And then there's Bella's quest for identity. She wants to discover the world, to discover herself, armed only with her naivety and brutal honesty, with no taboos whatsoever. Poor Things sometimes evokes the unlikely meeting of Voltaire's Candide, with its protagonist whose invincible optimism is confronted by the sometimes sordid reality of the world, and an arty remake of Frankenhooker. Bella discovers Pastéis de Nata and why you shouldn't eat too much of them, while at the same time discovering the baseness of other human beings, alcohol, social inequality, cynicism... and sex.

And then it's a festival. Poor Things lines up explicit sex and dissection scenes with the same cold, almost scientific distance: there's no gore or inappropriate voyeurism, just distant observations, illustrating Bella's scientific mind free from prejudice, which analyses, discovers and builds on it from experiment to experiment, but there's also plenty of humour. We mentioned earlier how dark Lánthimos' films can be: although Bella's ordeals lead her to experience some unsavoury things or allow the film to criticise certain social mores, it is never gloomy. Poor Things is brimming with life, and takes a refreshingly modern approach to parts of the film that might otherwise have turned into a miserabilistic crucifixion: the whole part in the brothel, for example, not only gives the film's social message greater scope, but also shows genuine tenderness towards certain freaks, broken people and other outcasts, under the benevolent yet ambiguous gaze of a magnificent madam played by Kathryn Hunter. If Bella is free of taboos, she is also free of judgement.

Fantasy and horror films have always had a political and social slant, whether by raising social issues that were ahead of their time, thanks in particular to their sympathy for the 'bizarre', or, on the contrary, by demonstrating a conservatism whose paradox is delightful (Jason Voorhees, avatar of Jesus Christ, who returns from the dead to butcher fornicators and potheads: a clear sign of puritanism and its virtuous weapons!) With its fantasies and facetiousness, Poor Things is, of course, a political film. The film's intelligence lies in its choice of satirical humour and fantasy to avoid giving the impression of being a heavy-handed tract giving lessons. But it is delightful to see all these men of Victorian society lose their tempers in the presence of Bella.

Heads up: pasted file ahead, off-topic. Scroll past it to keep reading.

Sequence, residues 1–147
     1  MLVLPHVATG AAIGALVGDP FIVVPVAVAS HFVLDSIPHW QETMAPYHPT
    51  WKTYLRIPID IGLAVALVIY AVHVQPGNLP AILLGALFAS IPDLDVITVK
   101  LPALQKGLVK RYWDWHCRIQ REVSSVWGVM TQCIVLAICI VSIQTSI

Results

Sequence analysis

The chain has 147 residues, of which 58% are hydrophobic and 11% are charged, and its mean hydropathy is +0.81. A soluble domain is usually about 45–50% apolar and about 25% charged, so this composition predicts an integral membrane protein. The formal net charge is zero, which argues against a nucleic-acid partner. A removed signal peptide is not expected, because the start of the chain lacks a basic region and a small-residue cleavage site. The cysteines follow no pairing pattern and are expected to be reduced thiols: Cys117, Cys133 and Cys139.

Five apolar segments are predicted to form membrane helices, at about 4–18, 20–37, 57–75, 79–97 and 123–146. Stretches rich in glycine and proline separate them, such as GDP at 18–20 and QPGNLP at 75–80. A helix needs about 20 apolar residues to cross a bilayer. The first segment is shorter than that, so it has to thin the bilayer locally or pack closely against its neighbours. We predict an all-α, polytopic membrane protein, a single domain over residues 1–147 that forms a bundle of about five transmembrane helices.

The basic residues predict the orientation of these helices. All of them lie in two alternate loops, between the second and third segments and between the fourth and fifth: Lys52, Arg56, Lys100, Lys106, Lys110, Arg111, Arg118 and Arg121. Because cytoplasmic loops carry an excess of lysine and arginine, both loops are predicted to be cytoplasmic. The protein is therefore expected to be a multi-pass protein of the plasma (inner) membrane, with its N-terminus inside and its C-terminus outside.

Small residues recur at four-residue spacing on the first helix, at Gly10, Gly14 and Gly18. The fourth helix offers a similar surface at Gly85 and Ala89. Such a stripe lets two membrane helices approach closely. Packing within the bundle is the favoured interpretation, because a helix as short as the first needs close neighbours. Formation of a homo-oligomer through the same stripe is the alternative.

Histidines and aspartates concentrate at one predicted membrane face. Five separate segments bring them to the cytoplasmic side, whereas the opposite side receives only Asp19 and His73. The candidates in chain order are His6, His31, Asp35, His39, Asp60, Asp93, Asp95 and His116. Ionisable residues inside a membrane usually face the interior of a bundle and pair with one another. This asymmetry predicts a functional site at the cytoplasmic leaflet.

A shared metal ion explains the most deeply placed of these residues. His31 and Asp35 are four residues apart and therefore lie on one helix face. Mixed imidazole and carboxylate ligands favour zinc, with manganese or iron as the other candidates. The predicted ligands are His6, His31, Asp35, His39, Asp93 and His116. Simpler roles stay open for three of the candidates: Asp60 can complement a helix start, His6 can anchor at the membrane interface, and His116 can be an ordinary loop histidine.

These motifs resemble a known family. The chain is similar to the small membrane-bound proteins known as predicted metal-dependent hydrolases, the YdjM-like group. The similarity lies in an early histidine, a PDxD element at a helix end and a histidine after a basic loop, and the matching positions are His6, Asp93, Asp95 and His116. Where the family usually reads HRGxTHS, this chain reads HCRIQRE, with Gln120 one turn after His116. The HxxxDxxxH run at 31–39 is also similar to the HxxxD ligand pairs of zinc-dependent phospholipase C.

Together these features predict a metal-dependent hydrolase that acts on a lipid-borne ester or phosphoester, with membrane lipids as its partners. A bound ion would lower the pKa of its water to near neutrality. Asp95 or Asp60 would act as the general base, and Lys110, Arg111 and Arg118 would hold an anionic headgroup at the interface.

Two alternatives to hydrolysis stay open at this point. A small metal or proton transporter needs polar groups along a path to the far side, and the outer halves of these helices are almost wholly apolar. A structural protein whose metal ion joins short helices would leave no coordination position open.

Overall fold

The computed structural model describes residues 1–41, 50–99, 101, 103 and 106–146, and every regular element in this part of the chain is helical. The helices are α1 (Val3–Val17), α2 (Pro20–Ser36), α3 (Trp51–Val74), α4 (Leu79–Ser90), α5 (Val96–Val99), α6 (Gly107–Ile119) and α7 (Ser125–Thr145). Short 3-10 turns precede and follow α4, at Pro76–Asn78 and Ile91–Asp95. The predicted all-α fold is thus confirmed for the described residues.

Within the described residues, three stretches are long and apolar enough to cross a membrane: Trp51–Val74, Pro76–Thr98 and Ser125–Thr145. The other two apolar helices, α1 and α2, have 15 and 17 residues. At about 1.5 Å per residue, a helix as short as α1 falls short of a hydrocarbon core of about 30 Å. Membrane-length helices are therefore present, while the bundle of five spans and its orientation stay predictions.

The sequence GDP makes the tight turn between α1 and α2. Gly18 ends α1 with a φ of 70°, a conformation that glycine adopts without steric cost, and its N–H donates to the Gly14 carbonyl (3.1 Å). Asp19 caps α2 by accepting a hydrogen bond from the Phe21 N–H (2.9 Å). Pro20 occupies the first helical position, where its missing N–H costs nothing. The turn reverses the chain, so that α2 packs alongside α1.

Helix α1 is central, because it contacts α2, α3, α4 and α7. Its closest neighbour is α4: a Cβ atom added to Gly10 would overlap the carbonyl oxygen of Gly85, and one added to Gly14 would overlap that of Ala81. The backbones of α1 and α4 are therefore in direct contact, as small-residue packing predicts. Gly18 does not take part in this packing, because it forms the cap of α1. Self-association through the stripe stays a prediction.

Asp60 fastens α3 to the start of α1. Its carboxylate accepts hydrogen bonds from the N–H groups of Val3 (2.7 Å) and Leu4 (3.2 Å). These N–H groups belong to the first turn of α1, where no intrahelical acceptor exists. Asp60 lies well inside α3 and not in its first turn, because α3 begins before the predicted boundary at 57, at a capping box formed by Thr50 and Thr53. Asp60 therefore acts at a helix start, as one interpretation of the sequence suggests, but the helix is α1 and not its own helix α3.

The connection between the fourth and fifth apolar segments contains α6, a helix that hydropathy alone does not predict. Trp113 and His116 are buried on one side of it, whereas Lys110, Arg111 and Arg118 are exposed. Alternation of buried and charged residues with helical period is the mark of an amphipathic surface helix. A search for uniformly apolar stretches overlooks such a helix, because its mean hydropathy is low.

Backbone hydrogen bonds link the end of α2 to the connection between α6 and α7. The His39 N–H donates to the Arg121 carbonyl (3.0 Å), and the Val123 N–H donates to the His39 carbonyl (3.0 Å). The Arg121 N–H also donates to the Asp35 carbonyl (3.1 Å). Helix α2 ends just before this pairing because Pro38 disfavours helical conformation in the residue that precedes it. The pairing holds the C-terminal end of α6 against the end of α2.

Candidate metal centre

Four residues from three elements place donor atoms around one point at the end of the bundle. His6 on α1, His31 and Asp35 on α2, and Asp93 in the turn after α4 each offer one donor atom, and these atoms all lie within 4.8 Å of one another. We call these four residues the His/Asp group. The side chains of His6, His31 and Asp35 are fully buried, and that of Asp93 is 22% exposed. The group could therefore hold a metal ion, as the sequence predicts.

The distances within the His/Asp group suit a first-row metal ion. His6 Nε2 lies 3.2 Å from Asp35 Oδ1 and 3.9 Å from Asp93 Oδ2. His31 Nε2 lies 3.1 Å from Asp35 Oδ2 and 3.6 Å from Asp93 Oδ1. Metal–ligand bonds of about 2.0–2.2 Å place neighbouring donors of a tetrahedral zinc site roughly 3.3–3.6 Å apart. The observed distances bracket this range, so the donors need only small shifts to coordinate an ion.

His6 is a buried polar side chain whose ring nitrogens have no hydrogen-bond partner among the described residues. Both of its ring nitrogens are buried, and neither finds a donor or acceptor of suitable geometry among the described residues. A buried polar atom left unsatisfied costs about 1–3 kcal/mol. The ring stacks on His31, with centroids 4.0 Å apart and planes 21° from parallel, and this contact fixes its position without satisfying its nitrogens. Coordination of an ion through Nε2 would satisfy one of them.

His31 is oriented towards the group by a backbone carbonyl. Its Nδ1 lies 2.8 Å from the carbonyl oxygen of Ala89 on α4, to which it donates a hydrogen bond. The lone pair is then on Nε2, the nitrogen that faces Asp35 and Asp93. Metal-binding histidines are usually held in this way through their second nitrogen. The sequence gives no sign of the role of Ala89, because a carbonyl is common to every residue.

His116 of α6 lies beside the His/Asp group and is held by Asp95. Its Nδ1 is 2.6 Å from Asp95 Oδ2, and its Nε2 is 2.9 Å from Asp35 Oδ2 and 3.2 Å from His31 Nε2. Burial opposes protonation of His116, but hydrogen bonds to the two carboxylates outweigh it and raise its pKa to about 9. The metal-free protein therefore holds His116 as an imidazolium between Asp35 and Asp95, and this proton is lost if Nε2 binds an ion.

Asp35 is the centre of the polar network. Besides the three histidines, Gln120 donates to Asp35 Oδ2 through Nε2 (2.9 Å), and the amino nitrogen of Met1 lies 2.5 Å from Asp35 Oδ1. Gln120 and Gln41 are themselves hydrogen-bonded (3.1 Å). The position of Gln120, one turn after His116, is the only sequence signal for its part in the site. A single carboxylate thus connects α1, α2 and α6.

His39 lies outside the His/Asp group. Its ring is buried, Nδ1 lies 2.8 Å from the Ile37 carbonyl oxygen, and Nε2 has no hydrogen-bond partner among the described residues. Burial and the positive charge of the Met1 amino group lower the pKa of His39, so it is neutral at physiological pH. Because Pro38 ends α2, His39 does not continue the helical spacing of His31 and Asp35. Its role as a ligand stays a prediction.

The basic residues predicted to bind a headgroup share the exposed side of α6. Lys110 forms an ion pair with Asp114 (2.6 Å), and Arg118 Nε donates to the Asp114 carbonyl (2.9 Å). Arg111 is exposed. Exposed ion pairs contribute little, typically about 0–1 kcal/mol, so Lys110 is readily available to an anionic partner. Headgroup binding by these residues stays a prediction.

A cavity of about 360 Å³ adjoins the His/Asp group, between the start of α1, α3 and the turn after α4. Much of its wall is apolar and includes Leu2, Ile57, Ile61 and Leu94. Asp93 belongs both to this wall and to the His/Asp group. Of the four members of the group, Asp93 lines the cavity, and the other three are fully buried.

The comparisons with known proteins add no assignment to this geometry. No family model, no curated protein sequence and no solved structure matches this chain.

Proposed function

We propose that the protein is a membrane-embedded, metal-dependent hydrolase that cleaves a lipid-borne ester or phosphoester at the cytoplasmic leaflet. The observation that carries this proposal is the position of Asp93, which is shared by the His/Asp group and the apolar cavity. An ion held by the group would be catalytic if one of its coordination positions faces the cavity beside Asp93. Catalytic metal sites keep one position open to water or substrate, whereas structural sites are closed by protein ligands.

Everyone gets theirs. Mark Ruffalo's character is so amusing as a pathetic, navel-gazing macho caricature with a bit of a moron streak (taking on the Ken of Greta Gerwig's Barbie, but with less plastic and more substance), and the pure psychopath that Bella comes up against, not forgetting the more 'positive' figures who want to be her allies but are, in the end, just as confused when she decides to follow her own will rather than theirs. Poor Things is certainly a ruthless look at things, not hesitating to hit the nail on the head (as in this very funny passage where Bella offends her partner by coldly observing the weak limits of the male anatomy), but it is not devoid of tenderness: tough love does spoil, and good wills are capable of learning to do better.

It's a feast for the eyes and ears (it's time to mention Jerskin Fendrix' score) as Bella explores the different scenes, dabbling in a series of somersaults, shaking the stilted codes of Victorian society with her clumsy gestures, inappropriate interventions in good society and misplaced cucumbers. She discovers the childishness of her fellow human beings, their mediocrity, but also their suffering and their aspirations. She discovers poverty, socialism, cruelty and hangovers. Carried away by its energy and inventiveness, Poor Things surprises, makes you laugh and moves you from start to finish (even if the last act would have benefited from a little more direction and comes across a little like a set piece). To see such an enjoyable, modern and bizarre work attract so much attention and praise can only encourage us to be as optimistic as its heroine.